1. The act of purging; the act of clearing, cleansing, or putifying, by separating and carrying off impurities, or whatever is superfluous; the evacuation of the bowels.

2. (Law) The clearing of one's self from a crime of which one was publicly suspected and accused. It was either canonical, which was prescribed by the canon law, the form whereof used in the spiritual court was, that the person suspected take his oath that he was clear of the matter objected against him, and bring his honest neighbors with him to make oath that they believes he swore truly; or vulgar, which was by fire or water ordeal, or by combat. See Ordeal. Wharton.

Let him put me to my purgation.

(Pur"ga*tive) a. [L. purgativus: cf. F. purgatif.] Having the power or quality of purging; cathartic.n. (Med.) A purging medicine; a cathartic.

(Pur"ga*tive*ly), adv. In a purgative manner.

(Pur`ga*to"ri*al Pur`ga*to"ri*an) a. Of or pertaining to purgatory; expiatory.

(Pur`ga*to"ri*an), n. One who holds to the doctrine of purgatory. Boswell.

(Pur"ga*to*ry) a. [L. purgatorius.] Tending to cleanse; cleansing; expiatory. Burke.

(Pur"ga*to*ry), n. [Cf. F. purgatoire.] A state or place of purification after death; according to the Roman Catholic creed, a place, or a state believed to exist after death, in which the souls of persons are purified by expiating such offenses committed in this life as do not merit eternal damnation, or in which they fully satisfy the justice of God for sins that have been forgiven. After this purgation from the impurities of sin, the souls are believed to be received into heaven.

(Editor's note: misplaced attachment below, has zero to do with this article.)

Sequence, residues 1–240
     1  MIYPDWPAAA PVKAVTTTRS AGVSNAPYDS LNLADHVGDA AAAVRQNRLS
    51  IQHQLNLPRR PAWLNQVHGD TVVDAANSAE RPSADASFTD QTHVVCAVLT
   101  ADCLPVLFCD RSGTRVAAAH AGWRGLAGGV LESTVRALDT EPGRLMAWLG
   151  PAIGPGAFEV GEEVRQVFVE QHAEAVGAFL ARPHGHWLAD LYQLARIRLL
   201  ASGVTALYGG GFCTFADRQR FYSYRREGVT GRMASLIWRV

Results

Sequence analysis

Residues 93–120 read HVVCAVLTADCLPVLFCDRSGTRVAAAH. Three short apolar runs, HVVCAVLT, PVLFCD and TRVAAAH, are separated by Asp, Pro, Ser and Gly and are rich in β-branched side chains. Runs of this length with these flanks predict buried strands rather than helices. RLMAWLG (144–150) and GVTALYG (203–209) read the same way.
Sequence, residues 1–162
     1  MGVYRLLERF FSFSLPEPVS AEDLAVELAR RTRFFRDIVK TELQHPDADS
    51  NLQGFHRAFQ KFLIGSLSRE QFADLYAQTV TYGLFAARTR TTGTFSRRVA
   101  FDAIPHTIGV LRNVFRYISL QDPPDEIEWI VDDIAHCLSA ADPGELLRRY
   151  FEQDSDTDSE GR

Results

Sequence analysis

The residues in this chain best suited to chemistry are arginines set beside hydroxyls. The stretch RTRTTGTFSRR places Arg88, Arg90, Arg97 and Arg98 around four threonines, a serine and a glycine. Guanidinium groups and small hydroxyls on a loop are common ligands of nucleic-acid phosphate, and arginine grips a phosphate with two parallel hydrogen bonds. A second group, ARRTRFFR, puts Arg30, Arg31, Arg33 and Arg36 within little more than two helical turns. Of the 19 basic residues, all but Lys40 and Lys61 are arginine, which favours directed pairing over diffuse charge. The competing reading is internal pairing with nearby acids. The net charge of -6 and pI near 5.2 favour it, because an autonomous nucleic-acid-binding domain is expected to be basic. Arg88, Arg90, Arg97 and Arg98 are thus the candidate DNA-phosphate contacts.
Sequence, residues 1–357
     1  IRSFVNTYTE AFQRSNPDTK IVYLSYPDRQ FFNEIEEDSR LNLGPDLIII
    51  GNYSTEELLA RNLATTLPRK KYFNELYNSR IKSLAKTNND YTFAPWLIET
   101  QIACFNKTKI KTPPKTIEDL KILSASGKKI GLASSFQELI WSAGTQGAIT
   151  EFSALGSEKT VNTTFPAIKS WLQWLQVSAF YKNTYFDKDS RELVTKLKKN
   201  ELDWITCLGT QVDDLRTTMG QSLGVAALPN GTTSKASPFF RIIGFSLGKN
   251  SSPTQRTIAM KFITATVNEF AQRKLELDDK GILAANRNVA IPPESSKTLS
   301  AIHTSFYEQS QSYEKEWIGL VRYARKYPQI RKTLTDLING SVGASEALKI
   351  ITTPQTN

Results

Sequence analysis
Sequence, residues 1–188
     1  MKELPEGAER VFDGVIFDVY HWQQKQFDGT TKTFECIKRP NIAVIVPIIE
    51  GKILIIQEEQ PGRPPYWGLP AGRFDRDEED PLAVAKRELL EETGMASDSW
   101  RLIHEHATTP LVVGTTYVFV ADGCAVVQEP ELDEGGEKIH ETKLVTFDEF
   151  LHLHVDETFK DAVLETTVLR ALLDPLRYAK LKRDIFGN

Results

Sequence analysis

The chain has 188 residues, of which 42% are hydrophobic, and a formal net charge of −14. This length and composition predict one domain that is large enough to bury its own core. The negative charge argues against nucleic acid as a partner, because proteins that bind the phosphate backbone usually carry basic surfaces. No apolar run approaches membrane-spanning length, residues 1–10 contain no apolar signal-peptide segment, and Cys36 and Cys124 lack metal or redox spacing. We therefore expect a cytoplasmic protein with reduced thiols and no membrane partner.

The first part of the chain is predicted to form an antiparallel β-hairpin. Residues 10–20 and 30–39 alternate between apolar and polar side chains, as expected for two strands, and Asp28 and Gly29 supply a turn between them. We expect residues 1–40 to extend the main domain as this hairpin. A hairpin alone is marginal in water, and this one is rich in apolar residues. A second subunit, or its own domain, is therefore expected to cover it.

(Purge) v. t. [imp. & p. p. Purged ; p. pr. & vb. n. Purging ] [F. purger, L. purgare; purus pure + agere to make, to do. See Pure, and Agent.]

1. To cleanse, clear, or purify by separating and carrying off whatever is impure, heterogeneous, foreign, or superfluous. "Till fire purge all things new." Milton.

2. (Med.) To operate on as, or by means of, a cathartic medicine, or in a similar manner.

3. To clarify; to defecate, as liquors.

4. To clear of sediment, as a boiler, or of air, as a steam pipe, by driving off or permitting escape.

5. To clear from guilt, or from moral or ceremonial defilement; as, to purge one of guilt or crime.

When that he hath purged you from sin.

Purge me with hyssop, and I shall be clean.
Ps. li. 7.

6. (Law) To clear from accusation, or the charge of a crime or misdemeanor, as by oath or in ordeal.

7. To remove in cleansing; to deterge; to wash away; — often followed by away.

Purge away our sins, for thy name's sake.
Ps. lxxix. 9.

We 'll join our cares to purge away
Our country's crimes.

(Purge), v. i.

1. To become pure, as by clarification.

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